The Importance of Elongation PercentageMatt Steverson
While I was working on this post, it amazed me to see Tim resurrect his earlier writings on the causes of tennis elbow and, right there, one of the major problems surfaced: avoiding strings with too little elongation.
Unfortunately, string companies don’t publish information like this on their products and, with the popularity of polyester strings (of which very few have much elongation at all), the emphasis has turned to stiffness, not elongation. Stiffness is, I think, not the best indicator of string comfort; elongation percentage is a much better source of information.
What is Elongation Percentage?
Simply put, elongation percentage is how much an item stretches under tension, measuring how “ductile” (able to remain pliable) it is. A higher-elongation string can dissipate energy (stress) better than one that stretches less, which should make it more comfortable during play, while also putting that energy back into the ball for increased power potential.
How do You Test for Elongation Percentage?
While we don’t have reliable sources for the elongation percentages of most strings, it’s quite easy to do a rudimentary test in the field. Historically, we have tested elongation percentage at 60# tension, and that is the tension that I have tested at over the years.
My procedure is, while not necessarily what manufacturers do, quite simple: I clamp a length of string in the machine, measure it (in millimeters), apply 60# tension, measure it again, and take the percentage increase in length as the elongation percentage of that particular string.
I’ve included elongation percentage measurements for several strings below, and will update them as often as I can. If you have a string you are curious about, let me know and I will get to them when I can.
How Does Elongation Percentage Help Us as Tennis Players?
For most tennis players, the comfort and power levels of a string are much more important than spin potential (since most players don’t hit a lot of spin) or durability (since a lot of them don’t break strings before their useful life is over). It is incumbent upon us, their racquet technicians, to know which attributes are most helpful to them and educate them about it. Elongation percentage is, in my opinion, at the top of the list.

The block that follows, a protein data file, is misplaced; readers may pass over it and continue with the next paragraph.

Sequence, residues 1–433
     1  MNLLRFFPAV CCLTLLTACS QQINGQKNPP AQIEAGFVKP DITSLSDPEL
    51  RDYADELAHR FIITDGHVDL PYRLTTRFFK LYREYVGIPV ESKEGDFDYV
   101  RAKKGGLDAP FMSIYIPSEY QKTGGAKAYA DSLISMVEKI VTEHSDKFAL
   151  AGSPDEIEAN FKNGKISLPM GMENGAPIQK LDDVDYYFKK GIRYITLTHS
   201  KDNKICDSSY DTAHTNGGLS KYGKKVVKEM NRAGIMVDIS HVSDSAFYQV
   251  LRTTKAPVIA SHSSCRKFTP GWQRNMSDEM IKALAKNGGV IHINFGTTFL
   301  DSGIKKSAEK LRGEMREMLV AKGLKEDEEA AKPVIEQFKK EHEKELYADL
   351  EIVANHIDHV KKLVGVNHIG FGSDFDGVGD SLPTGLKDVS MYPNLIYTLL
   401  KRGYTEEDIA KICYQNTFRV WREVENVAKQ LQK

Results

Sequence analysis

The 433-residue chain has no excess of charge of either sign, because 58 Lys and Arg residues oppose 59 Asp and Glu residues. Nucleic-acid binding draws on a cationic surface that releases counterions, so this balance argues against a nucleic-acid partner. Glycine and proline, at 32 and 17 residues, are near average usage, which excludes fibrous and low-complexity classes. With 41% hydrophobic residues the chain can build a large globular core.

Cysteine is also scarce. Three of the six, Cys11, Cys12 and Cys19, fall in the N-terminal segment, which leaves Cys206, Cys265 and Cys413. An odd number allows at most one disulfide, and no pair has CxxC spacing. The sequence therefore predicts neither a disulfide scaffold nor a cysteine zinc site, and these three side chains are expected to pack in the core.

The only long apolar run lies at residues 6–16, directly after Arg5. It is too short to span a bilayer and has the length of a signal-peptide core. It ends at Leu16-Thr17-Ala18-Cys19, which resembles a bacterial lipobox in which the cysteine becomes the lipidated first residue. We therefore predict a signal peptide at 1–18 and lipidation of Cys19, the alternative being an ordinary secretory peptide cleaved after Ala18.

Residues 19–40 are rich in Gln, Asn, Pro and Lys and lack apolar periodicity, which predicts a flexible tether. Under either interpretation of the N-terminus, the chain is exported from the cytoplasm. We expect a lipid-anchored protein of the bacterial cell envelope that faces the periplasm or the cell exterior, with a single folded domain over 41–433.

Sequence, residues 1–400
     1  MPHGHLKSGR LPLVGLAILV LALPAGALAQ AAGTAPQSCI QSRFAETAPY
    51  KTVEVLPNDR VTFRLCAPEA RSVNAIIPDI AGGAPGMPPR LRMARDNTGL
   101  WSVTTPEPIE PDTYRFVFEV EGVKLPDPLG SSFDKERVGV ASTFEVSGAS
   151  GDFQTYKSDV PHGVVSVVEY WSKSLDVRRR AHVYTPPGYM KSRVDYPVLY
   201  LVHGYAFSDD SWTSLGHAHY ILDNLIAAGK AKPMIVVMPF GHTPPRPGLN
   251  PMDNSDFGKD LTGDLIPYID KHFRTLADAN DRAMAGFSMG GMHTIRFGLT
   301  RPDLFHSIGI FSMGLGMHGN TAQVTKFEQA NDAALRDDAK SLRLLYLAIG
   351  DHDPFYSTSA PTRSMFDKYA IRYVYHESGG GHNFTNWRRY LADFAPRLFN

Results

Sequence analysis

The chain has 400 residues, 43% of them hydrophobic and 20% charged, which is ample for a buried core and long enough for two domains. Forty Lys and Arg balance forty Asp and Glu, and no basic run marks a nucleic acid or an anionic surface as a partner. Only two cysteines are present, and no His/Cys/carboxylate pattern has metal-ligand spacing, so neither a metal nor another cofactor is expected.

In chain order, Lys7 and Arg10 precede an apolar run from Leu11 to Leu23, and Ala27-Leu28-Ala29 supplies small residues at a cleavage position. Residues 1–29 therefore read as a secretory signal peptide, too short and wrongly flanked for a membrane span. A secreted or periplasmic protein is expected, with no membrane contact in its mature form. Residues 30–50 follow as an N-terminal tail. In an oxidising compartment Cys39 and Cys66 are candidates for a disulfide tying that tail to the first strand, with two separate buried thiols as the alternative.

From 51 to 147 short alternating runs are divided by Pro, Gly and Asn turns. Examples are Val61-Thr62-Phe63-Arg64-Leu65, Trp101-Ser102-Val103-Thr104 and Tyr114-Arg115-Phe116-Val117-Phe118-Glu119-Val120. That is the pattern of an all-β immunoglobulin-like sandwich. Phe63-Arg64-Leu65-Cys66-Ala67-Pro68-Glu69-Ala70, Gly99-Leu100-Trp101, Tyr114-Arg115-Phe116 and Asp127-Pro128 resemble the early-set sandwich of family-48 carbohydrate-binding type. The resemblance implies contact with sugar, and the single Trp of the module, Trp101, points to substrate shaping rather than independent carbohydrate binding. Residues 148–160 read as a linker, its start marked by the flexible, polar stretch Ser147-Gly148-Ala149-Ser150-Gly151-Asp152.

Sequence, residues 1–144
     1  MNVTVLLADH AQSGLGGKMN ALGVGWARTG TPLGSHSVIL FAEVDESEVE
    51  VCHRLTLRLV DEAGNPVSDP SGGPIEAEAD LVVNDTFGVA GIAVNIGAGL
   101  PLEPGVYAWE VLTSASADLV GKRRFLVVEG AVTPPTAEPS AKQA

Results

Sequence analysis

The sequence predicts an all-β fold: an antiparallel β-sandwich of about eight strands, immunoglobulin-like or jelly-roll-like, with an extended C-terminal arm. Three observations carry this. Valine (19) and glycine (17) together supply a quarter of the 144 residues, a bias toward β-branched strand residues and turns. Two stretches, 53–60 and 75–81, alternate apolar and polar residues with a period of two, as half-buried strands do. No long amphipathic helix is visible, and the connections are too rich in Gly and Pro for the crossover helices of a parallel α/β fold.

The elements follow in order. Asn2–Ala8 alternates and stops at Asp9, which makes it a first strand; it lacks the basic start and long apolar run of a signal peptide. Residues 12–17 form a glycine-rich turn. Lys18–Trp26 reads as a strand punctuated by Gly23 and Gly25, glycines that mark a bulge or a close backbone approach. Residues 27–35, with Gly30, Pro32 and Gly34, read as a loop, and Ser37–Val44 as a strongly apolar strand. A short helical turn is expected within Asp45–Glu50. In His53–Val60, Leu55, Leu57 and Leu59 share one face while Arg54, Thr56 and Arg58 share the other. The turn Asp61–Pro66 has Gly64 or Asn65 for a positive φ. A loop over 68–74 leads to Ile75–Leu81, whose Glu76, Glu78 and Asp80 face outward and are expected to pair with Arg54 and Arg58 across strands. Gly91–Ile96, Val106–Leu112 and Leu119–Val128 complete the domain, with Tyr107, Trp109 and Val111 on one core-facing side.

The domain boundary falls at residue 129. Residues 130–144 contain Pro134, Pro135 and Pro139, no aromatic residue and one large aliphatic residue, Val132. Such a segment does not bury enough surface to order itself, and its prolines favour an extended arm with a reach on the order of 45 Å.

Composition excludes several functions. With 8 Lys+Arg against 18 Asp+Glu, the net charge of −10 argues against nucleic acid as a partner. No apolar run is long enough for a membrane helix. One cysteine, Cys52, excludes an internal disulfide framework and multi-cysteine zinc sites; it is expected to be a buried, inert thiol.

|Brand||Model||Gauge||Color||Type||Elongation % @ 60#|
|Alpha||Gut 2000||17||Natural||Multi Nylon||21.1|
|Viper MXT||17||Gold||Solid Core SG||5.36|
|Pro Hurricane Tour||16||Yellow||Mono Polyester||5.03|
|Bow Brand||Championship||16||Natural||Natural Gut||9.85|
|Clarke||Nylon||15L||Natural||Solid Core SG||12.5|
|Dunlop||Explosive Red||16||Red||Mono Polyester||9.7|
|Synthetic Gut||16||Natural||Solid Core SG||12.9|
|Forten||Sweet 16||16||Natural||Solid Core SG||9.6|
|Gamma||Live Wire XP||17||Natural||Multi Nylon w/ZYEX||8.97|
|TNT2||16||Natural||Solid Core SG||13.59|
|Gosen||OG-Sheep Micro||16||White||Solid Core SG||10|
|Polylon Comfort||17||White||Mono Polyester||5.4|
|Kirschbaum||Super Smash Spiky||16L||Gold||Mono Polyester||6|
|Touch Multifiber||16L||Gold||Multi Nylon||13|
|Luxilon||ALU Power||16L||Silver||Mono Polyester||6.67|
|Big Banger Original||16||Beige||Mono Polyester||4|
|Prince||Lightning XX||16||Clear/Silver||Solid Core SG w/foils||15.04|
|Synthetic Gut Original||16||Gold||Solid Core SG||8.96|
|Pro Supex||Premier Ace||16L||Orange||Mono Polyester||3.7|
|Signum Pro||Poly Plasma||18||Orange||Mono Polyester||4.04|
|Tecnifbre||NRG2||16||Natural||Multi Nylon w/PU||8.3|
|X-One Biphase||16||Natural||Multi Nylon w/PU||8.72|
|Topspin||Cyber Flash||16||Silver||Mono Polyester||3.47|
|Poly Power Soft||16||White||Mono Polyester||3.68|
|Wilson||Natural Gut||16||Natural||Natural Gut||8.97|
|Yonex||Tour Super 850||16||White||Multi Nylon||12.4|
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